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Annual Membership Drive/Annual Dues Collection Suspended 

The Kinder Cemetery Association has suspended its yearly Membership Drive and collection of Annual Dues for the foreseeable future. The reason being is the cemetery is now receiving funds from the gas/oil well drilled just South of the Cemetery. The first payment was on 25 May '04.

The amount of income from the gas/oil well varies from month to month due to well production and market conditions. Also, it is not known how long the well will last nor how long this income will be generated.


The Board of Directors has decided that those individuals who belonged to the Association in the year 2003 would be "grand fathered" in as future KCA Association members without further payment of annual member dues each year. Voluntary financial contributions, however, will still be accepted and will be applied to cemetery maintenance and improvements.


Also, the Board sought and was granted Tax Exempt Status from the IRS under Section 501 (c) (13) cemeteries which will help with the tax liabilities on any income received.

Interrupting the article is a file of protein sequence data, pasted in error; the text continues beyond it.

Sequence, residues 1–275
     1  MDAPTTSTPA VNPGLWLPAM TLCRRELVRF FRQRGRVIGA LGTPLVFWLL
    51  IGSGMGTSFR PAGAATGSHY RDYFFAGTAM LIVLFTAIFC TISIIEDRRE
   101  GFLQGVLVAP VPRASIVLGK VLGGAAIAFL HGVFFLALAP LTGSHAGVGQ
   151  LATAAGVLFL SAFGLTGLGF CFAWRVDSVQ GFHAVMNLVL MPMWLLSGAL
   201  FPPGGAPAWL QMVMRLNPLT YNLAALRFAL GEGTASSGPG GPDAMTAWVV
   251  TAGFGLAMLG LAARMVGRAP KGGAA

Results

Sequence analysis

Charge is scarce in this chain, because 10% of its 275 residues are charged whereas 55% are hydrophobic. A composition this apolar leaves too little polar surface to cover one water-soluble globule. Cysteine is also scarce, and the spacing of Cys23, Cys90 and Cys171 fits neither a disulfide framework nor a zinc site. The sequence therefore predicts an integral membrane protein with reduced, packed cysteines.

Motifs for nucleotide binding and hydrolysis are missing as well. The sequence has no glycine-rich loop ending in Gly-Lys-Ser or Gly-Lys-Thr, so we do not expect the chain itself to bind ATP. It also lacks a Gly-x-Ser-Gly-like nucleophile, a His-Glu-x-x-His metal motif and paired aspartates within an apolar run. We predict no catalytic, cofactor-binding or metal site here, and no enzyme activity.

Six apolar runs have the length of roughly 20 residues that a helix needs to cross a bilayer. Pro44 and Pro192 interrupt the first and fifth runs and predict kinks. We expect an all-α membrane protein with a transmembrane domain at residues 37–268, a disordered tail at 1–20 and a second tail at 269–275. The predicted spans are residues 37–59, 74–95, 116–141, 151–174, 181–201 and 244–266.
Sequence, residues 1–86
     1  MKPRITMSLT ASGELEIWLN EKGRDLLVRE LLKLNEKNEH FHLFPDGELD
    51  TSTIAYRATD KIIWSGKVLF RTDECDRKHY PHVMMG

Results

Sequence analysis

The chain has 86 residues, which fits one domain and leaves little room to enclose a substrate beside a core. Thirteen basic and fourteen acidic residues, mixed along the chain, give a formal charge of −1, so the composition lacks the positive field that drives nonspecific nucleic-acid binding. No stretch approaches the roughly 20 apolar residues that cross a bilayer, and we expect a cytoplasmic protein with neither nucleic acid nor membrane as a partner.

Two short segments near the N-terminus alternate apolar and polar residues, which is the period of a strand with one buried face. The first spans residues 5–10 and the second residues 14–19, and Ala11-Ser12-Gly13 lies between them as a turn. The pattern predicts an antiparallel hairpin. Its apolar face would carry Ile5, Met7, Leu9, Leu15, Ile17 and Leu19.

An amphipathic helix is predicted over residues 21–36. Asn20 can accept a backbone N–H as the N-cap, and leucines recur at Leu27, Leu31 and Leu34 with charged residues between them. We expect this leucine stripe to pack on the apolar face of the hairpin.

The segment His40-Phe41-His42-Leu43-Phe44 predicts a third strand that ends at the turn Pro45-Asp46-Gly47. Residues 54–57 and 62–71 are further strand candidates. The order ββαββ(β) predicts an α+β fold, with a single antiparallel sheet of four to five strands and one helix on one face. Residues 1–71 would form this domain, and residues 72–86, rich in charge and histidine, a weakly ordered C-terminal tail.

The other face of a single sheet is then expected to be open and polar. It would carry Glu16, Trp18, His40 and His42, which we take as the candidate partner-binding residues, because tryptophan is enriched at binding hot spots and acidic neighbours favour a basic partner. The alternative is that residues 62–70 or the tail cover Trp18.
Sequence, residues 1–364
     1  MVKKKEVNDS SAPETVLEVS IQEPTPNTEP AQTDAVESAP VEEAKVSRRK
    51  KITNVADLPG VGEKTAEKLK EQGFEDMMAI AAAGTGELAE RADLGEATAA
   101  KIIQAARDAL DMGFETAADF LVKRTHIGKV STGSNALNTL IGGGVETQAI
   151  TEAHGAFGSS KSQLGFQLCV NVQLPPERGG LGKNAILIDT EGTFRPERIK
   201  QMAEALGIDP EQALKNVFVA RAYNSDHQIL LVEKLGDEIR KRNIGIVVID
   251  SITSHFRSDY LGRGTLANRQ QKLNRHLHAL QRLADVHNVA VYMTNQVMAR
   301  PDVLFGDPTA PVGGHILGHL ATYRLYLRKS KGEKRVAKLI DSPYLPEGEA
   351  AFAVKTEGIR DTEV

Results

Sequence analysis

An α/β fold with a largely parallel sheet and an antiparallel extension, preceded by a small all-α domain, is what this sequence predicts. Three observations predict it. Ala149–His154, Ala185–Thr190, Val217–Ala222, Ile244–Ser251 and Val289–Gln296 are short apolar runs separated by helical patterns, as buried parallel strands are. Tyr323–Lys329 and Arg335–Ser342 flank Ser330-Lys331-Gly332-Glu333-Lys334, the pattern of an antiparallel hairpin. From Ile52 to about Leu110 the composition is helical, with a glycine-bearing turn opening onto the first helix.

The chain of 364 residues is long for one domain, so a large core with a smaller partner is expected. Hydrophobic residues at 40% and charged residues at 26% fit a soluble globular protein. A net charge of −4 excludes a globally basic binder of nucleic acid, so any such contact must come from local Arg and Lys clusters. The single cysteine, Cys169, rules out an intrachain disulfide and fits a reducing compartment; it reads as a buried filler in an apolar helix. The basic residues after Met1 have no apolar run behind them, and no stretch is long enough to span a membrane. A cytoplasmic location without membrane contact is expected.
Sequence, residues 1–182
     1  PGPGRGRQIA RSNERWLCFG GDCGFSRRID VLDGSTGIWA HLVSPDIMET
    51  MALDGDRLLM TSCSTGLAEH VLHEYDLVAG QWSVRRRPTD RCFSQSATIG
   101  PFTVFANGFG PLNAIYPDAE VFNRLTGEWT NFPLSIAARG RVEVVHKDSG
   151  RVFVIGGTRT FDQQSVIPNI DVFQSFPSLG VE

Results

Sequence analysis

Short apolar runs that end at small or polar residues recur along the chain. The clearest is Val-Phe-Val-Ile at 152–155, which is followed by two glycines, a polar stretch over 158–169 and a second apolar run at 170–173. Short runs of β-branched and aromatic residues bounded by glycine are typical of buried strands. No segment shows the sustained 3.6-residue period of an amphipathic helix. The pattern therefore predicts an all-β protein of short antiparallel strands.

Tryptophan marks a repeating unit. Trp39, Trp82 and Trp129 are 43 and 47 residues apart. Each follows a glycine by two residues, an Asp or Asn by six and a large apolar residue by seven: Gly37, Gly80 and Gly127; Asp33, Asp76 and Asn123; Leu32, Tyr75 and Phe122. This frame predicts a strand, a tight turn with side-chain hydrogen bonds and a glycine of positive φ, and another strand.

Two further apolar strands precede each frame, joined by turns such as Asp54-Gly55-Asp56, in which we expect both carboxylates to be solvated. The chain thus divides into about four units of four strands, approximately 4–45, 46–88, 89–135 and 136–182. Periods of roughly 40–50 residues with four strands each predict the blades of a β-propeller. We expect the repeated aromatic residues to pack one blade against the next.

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Wrought Iron Fence Project Finally Completed


In 1996, a project was begun to change the appearance of the Kinder Cemetery. A brick entranceway would be built and as donations were received a wrought iron fence would be installed to replace the old chain link fence.


In 1999, one half of the wrought iron fence was constructed across the West side of the cemetery and in 2001 the fence was completed across the entire West side.

The installation of the North side fence was completed in May 2004 while the installation of the fence along the South side of the cemetery was completed in May 2006.


After twelve years, the wrought iron fence project was finally completed in 2007 with the construction and erection of the fence along the East side. Our thanks to all who had a hand in the completion of this improvement project.